As Virus Cases Rise, Another Contagion Spreads Among the Vaccinated: Anger

(NYT) - Frustrated by the prospect of a new surge, many Americans are blaming the unvaccinated. A tougher stance may backfire, some experts warn.

As Virus Cases Rise, Another Contagion Spreads Among the Vaccinated: Anger

As coronavirus cases resurge across the country, many inoculated Americans are losing patience with vaccine holdouts who, they say, are neglecting a civic duty or clinging to conspiracy theories and misinformation even as new patients arrive in emergency rooms and the nation renews mask advisories.

The country seemed to be exiting the pandemic; barely a month ago, a sense of celebration was palpable. Now many of the vaccinated fear for their unvaccinated children and worry that they are at risk themselves for breakthrough infections. Rising case rates are upending plans for school and workplace reopenings, and threatening another wave of infections that may overwhelm hospitals in many communities.

“It’s like the sun has come up in the morning and everyone is arguing about it,” said Jim Taylor, 66, a retired civil servant in Baton Rouge, La., a state in which fewer than half of adults are fully vaccinated.

“The virus is here and it’s killing people, and we have a time-tested way to stop it — and we won’t do it. It’s an outrage.”

The rising sentiment is contributing to support for more coercive measures. Scientists, business leaders and government officials are calling for vaccine mandates — if not by the federal government, then by local jurisdictions, schools, employers and businesses.

“I’ve become angrier as time has gone on,” said Doug Robertson, 39, a teacher who lives outside Portland, Ore., and has three children too young to be vaccinated, including a toddler with a serious health condition.

“Now there is a vaccine and a light at the end of the tunnel, and some people are choosing not to walk toward it,” he said. “You are making it darker for my family and others like mine by making that choice.”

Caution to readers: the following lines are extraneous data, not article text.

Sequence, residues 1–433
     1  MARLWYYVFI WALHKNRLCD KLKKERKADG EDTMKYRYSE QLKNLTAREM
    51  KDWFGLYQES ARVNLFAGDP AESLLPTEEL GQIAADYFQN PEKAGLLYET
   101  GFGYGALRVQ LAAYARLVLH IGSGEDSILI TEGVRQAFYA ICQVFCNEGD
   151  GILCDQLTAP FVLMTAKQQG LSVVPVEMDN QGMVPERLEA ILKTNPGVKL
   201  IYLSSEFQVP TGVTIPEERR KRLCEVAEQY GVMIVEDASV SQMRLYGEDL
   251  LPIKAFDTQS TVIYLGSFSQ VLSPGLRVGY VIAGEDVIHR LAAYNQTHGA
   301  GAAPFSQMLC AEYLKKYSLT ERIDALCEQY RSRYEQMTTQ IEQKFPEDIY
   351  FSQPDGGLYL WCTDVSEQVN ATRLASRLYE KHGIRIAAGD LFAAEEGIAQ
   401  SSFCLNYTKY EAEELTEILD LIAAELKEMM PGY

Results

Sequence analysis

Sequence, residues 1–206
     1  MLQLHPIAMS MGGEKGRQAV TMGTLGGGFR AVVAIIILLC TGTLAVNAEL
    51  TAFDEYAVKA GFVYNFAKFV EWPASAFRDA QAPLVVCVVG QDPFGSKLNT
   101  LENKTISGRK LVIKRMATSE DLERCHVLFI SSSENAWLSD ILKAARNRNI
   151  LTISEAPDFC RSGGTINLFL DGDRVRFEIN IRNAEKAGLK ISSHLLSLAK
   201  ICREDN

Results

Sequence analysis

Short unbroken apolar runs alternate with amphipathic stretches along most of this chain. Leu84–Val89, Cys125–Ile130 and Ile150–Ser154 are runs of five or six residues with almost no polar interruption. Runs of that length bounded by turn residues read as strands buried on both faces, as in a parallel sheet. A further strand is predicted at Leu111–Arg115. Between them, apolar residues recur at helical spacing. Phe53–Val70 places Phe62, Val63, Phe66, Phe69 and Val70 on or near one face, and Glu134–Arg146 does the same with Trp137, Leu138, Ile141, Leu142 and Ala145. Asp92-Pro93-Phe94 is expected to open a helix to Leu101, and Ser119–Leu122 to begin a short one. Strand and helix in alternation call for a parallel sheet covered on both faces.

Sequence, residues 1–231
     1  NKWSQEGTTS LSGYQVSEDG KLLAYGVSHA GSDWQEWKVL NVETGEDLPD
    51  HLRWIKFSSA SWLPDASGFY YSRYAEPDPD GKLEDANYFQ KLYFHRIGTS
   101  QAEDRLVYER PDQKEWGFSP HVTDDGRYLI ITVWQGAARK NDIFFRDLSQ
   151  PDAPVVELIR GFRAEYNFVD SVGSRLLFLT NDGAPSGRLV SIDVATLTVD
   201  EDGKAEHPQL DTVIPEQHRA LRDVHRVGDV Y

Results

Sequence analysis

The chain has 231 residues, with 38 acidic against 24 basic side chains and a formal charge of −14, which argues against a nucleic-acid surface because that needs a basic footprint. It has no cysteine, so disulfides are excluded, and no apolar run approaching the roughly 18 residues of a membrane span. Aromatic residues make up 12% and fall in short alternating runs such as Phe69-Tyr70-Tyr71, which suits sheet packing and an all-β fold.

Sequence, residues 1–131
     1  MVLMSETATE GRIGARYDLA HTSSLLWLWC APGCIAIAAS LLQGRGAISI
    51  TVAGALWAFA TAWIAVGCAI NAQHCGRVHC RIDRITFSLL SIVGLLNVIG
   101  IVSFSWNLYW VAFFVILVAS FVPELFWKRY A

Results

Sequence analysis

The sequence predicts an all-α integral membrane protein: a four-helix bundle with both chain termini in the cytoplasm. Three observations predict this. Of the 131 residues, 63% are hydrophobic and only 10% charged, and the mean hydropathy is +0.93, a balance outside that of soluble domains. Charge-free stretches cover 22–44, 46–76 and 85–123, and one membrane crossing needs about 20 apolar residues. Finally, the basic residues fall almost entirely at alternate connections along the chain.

On Monday, Mayor Bill de Blasio of New York City ordered that all municipal workers be vaccinated against Covid-19 by the time schools reopen in mid-September or face weekly testing. Officials in California followed suit hours later with a similar mandate covering all state employees and health care workers.

The Department of Veterans Affairs on Monday required that 115,000 on-site health care workers be vaccinated in the next two months, the first federal agency to order a mandate. Nearly 60 major medical organizations, including the American Medical Association and the American Nurses Association, on Monday called for mandatory vaccination of all health care workers.

“It’s time to start blaming the unvaccinated folks, not the regular folks,” a frustrated Gov. Kay Ivey, Republican of Alabama, told reporters last week. “It’s the unvaccinated folks that are letting us down.”

There is little doubt that the United States has reached an inflection point. According to a database maintained by The New York Times, 57 percent of Americans ages 12 and older are fully vaccinated. Eligible Americans are receiving 537,000 doses per day on average, an 84 percent decrease from the peak of 3.38 million in early April.

As a result of lagging vaccination and lifted restrictions, infections are rising. As of Sunday, the country was seeing 52,000 new cases daily, on average, a 170 percent increase over the previous two weeks. Hospitalization and death rates are increasing, too, although not as quickly.

Communities from San Francisco to Austin, Texas, are recommending that vaccinated people wear masks again in public indoor settings. Citing the spread of the more contagious Delta variant of the virus, the counties of Los Angeles and St. Louis, Mo., have ordered indoor mask mandates.

For many Americans who were vaccinated months ago, the future is beginning to look grim. Frustration is straining relations even within closely knit families.

Josh Perldeiner, 36, a public defender in Connecticut who has a 2-year-old son, was fully vaccinated by mid-May. But a close relative, who visits frequently, has refused to get the shots, although he and other family members have urged her to do so.

She recently tested positive for the virus after traveling to Florida, where hospitals are filling with Covid-19 patients. Now Mr. Perldeiner worries that his son, too young for a vaccine, may have been exposed.

“It goes beyond just putting us at risk,” he said. “People with privilege are refusing the vaccine, and it’s affecting our economy and perpetuating the cycle.” As infections rise, he added, “I feel like we’re at that same precipice as just a year ago, where people don’t care if more people die.”

Hospitals have become a particular flash point. Vaccination remains voluntary in most settings, and it is not required for caregivers at most hospitals and nursing homes. Many large hospital chains are just beginning to require that employees be vaccinated.